Archery Sights and Scopes
When choosing an archery sight, make sure you consider the type of archery activities you plan on participating in. This will help you determine the type of sight need. Don't buy an expensive target sight if you only plan to bowhunt.
Archery does not actually require a sight. Many people shoot instinctive meaning they use no sight at all. This is the same method as throwing a baseball. You don't really aim it, you just throw it. After countless repetitions, you know how to adjust it to get it hit where you want it. Try this only if you a have a tremendous amount of time to practice.
Most people use a sight of some sort. Archery equipment is not as fast as a rifle. You need multiple aiming points for different distances. This is because the arrow arcs during flight. You have to aim higher to get it to fly farther. These aiming points are usually called pins. Each pin is set for a different distance and can be a different color. For example, the top pin may be yellow and is your 20 yard pin. The second could be red and is a 30 yard pin and so on. You use the correct pin for the distance you are shooting.
The latest trend if bow hunting sights is fiber optics. The fiber optics are used for the aiming device. These fiber optics draw in light and make a reference point that appears to have been lit by a battery. The longer the fiber the brighter the pin.
There are many styles of bow hunting sights. The tradition for the longest time was a square pin guard with pins attached on the side of the guard. Now we have the vertical pin method where all pins come from the bottom of the guard. In theory this offers a greater view of the target. Another trend is the moveable single pin sight. This has an adjuster on it that you can move depending on how far you are shooting. There are also pendulum sights that are used for treestand hunting. This sight automatically compensates for you. After properly setup, you just aim and shoot. Some pendulum sights work better than others and some require fast bow speeds. Do your homework if you plan to buy a pendulum, but don't get me wrong, they work.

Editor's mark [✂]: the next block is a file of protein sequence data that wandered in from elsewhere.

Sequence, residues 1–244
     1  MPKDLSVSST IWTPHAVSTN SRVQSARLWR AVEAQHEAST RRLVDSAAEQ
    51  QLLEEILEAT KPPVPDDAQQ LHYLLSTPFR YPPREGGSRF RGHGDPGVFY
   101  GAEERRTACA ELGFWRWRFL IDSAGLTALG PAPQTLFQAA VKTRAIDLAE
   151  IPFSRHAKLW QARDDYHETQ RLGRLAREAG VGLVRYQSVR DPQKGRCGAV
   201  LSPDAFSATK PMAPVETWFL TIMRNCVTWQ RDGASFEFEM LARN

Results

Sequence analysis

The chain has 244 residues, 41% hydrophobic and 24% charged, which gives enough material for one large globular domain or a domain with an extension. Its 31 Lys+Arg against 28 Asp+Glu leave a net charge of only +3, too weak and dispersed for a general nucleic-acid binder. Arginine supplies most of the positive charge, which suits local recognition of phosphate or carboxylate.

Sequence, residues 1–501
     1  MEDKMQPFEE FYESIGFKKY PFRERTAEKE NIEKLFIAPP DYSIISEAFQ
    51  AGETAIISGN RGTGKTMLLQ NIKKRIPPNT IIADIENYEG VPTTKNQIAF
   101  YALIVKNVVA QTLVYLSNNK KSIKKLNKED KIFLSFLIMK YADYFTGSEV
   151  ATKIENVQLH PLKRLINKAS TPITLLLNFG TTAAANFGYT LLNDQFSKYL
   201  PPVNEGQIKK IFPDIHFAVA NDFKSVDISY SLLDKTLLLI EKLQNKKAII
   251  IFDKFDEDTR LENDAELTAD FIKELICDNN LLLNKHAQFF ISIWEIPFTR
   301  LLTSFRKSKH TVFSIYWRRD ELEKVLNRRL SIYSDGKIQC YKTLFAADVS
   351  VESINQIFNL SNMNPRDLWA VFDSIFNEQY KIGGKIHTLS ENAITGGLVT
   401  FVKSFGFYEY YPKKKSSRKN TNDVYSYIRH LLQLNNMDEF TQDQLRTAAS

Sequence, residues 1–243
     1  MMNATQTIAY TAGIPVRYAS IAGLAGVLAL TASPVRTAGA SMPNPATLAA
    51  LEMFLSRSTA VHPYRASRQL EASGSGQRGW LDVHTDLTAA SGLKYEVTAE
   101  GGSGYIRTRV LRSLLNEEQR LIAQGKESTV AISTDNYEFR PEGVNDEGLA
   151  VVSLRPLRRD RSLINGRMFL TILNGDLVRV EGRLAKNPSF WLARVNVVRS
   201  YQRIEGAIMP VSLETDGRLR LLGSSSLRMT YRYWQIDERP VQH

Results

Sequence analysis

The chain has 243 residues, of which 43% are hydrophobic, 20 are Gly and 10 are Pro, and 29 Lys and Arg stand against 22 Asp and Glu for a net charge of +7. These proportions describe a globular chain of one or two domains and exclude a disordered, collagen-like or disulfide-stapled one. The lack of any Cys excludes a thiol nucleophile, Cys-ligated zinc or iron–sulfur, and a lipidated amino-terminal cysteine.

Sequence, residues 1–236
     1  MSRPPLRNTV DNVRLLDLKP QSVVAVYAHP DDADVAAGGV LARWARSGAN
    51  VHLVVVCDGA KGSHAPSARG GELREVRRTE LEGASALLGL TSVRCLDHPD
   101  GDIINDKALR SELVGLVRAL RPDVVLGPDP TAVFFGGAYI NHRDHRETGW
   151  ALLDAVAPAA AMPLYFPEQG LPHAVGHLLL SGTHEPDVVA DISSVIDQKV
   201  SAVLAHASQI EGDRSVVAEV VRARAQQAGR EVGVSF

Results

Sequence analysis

Pin guards have also changed. Since many people use a peep sight on their bow that is round, the pin guard is now also round. This makes it very easy to line up the pin guard inside the peep. The mind will automatically do this for you. This will make you more accurate.
Many target archers are also hunters. They may choose a fancy hunting sight to use for both purposes. High end hunting sights have come along way. They have 2nd and 3rd axis adjustments, bubble levels, fiber optics and individually adjustable and/or gang adjustable pins. Some even have magnification lens that you can add.
A lot of true target shooters will usually go for moveable single pin or scope sight. Some examples are the Sure-loc Supreme sights, CBE Custom Bow Equipment sights, Truball Axcel and many others. These sights allow you to precisely set a specific yardage to shoot. So on a field course if you are shooting 43 yards, you dial the sight to 43 yards and shoot. With a hunting sight and pin set for 40 yards, you would have to aim above the bullseye to hit it. On these types of sights, you will usually see a scope added that will have different magnifications depending on shooter preference and type of target shooting they are doing.
Indoor 300 shooters may shoot a 6x or 8x magnified scope. 3D Archery shooters may shoot a 3x or 4x scope and Field and Fita shooters can may be 3x-8x.
These scopes also have different aiming dot options. There are fiber optics just like the bowhunting sights, stick on dots, stick on rings, and much more.
In Scopes, the lens is everything. This is where the cost comes from. You will find scopes that are $100 and scopes that are $350. Usually the better the lens the higher the cost. I'm not saying you have to spend $350 to get a good scope. Just realize there is a difference between a scope that cost $100 and one that costs $350.
If your scope has a 2x or 3x lens in it, you will most likely NOT need a clarifier. What is a Clarifier? A Clarifier is a peep with a lens in it. They normally sell the peep housing that is threaded to accept a screw in clarifier. Clarifiers are available in various diameters and various powers. Now the diameter size is selected to allow your scope housing to fit nicely inside the peep when you are aiming it. This allows you to make sure you are perfectly centered when shooting.
Now the Clarifier power is where it gets a bit tricky. As I said before 2x or 3x may not need one. Usually at 4x you will need a #1 Clarifier . If your scope has a 6x lens, you will need a #2 Clarifier and if you have an 8x or 10x lens, you will need a #3 Clarifier. Now this a general rule but depending on your eye sight, this may vary. You might find a #2 works for you with a 4x lens. So some trial and error is required. Most high end pro shops will have a display jig so you can test this yourself with your own eyes. Now don't forget, you will need a peep that accepts the screw in apertures in order for this to work. Here's an example.
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